Aboard the bus, Angela filled our commute to lunch with stories of jade - its meaning and significance.
Jade (technically jadeite) is believed to be a gift from Buddha. The current sources of jade are Burma and the Hunan Province of China. Jadite re-crystalizes in response to body heat and over time its color deepens and the stone clears. Translucency is highly valued.
“The 2008 Olympic medals were backed with white jade,” she said, holding both thumbs and forefingers up to form a circle.
“The jade bangle,” she stopped abruptly, “You know jade bangle? Jade bracelet is in pieces, it might be two pieces that open or many pieces. A jade bangle is one piece, carved from one stone. A bangle is like a wedding ring,” she continued, “A symbol of love. An heirloom bangle, given to a young bride, is believed to pass down happiness and fertility. It is worn on the left, closer to the heart,” she said, touching her chest. “The heart is locked, it will not wander, and the blessed fruition of the bangle flows from left to right.
“You will see many small, jade carvings of the Chinese Zodiac.” Angela held a pinched thumb and forefinger before her face, then spread them an inch apart. “This is for the baby to wear, to protect the baby.” Ahhh - at birth, Popo gave most of her grandchildren a beautiful piece of jade.
“You will see many jade carvings of the HAPPY Buddha" she smiled. "Rub his BIG belly for happiness,” Angela said, rubbing her contrastingly flat tummy in a circular motion. “Stroke his LONG earlobes for long life,” she pulled at one ear. “Rub his head for knowledge and wisdom,” she patted her head.
We had lunch in a banquet hall above the Jade Factory. Two jade carvers worked near the entrance while forty salespeople loitered on the sales floor, waiting like bees in a hive - to swarm. One carver worked to the whine of a Dremel-like tool while his cigarette, propped at the edge of his table, sent a thread of white smoke spiraling up. No eye, ear, or lung protection required. My brother-in-law Michael leaned-in and whispered, “Bet that’s not OSHA approved.” Bet not!
“Western toilets,” someone announced as I trailed the queue to the bathroom.
Of the eight-courses served for lunch, six were meat with or without vegetables. I picked out onions and bell peppers to eat with my rice before our dessert of watermelon. The only vegetarian courses served were rice and watermelon. I was sure the menu was heavily weighted with meat as Americans are known primarily as carnivores.
A month earlier, I’d alerted our tour guide Derek of my vegetarian preference.
“I think you will be pleased with the diet,” his email said. “Please try it and if you require special arrangements, we can accommodate you.”
I spoke with Derek after lunch. “I can make do but if our meals are going to have mostly meat dishes; can you get them to bring out the vegetables a little earlier?”
“Yes, I will take care of that for you,” he said.
The Jade Factory was the first of many showrooms that seemed unavoidable on this tour. We watched several demonstrations, one showing progressive steps in carving seven-layered, concentric, jade balls.
“Hold up the jade to the light. You can see vein. Plastic, no vein.” The saleswoman rotated a hand in the air. “No vein. See? Scratch it with metal or stone, no scratch.” She raked a pair of scissors over the bangle. “Plastic, scratch. Jade, no scratch. Jade heavy.” She passed the bangle out into the crowd. “Plastic light.”
I was shopping specifically for white jade, stud earrings, mounted like a single pearl. “No white jade,” they said. Olympic medals could NOT have depleted their stores! Harumph.
I own four jade bangles (and need another like a hole in the head, my Mother would say) but they are always of interest. I perused their showcases with my calculator in hand (a sure buying sign.) It was my first opportunity to convert Chinese yuan (CNY) to USD (US dollars) = 6.26:1. Making the calculation, I thought I could fare better in Honolulu’s Chinatown should Spirit so move me.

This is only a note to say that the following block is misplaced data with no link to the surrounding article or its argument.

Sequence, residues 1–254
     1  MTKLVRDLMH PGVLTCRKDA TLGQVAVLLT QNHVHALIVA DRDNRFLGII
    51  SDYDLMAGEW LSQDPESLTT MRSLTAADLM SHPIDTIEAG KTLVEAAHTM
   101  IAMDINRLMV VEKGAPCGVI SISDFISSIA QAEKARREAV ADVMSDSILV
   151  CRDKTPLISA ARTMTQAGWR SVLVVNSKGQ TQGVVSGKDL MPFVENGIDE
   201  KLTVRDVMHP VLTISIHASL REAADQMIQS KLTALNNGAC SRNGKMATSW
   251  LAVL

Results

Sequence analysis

There were three caucasians in our tour group. E-v-e-r-y-one else was some-part Asian. We Asians love our jade and gold and know its worth. As a whole, we judged their jade ding-ding over-priced by double or more so little silver changed hands.
Back aboard the bus - we headed into the Changping District and the Juyongguan section of the Great Wall - some 60 km (~37 miles) from Beijing. The terrain became hilly with tightly terraced flanks. Sections of The Great Wall came into view and when our bus came to a stop, several miles of The Wall could be seen slithering like a great, white serpent through green hills.
Parts of The Great Wall are dated to 500 BCE. Remember, there were seven separate countries building protective walls. China’s First Emperor Qin began connecting these walls to protect his young country from northern Mongols, barbarians, marauders, and nomadic tribes living in yurts. There is evidence of fortifications in Juyongguan Pass as early as 770 BCE.
One million peasants worked on The Wall. Ninety percent of them died on The Wall and it became their grave. The Wall has been revised and rebuilt over and over and over again, as evidenced in rock patches and different rock layers.
The Juyongguan section through Juyongguan Pass was constructed during the Ming Dynasty and completed in 1368. It consists of watchtowers, gate towers, and the Cloud Platform made of white marble - which once supported three pagodas followed by a Buddhist Tai’an Temple. Just the Platform remains, adorned in relief carvings of Buddhist figures and sutra scriptures carved in six languages.
The Great Wall’s height varies and on cross-section is trapezoidal, wider at the base than top. Its width measures a mere meter where The Wall perches precariously, wedged into steep terrain. Our summit, the thirteenth tower, was 1600 steps - one way. We had two-hours to scale The Wall to the thirteenth tower and return.
The bus dropped us at the bathrooms.
“Are they all squattys?” And after a brief pause, “Oh my God, they’re all squattys.”
“You’re lucky you’re skinny,” she said.
“No, not skinny,” I said as a matter of fact, “I'm lucky because I'm flexible. What’s important here is flexibility.”
“Oh yeah; yeah?”
We started up The Wall straightway. The first few sections were very steep with uneven rises and inconsistent stair depths. Some steps rose as much as 18-inches or so, while others rose only six inches, making it difficult to settle into a rhythm. The steps are worn into a trough adjacent to the handrail, the high use zone.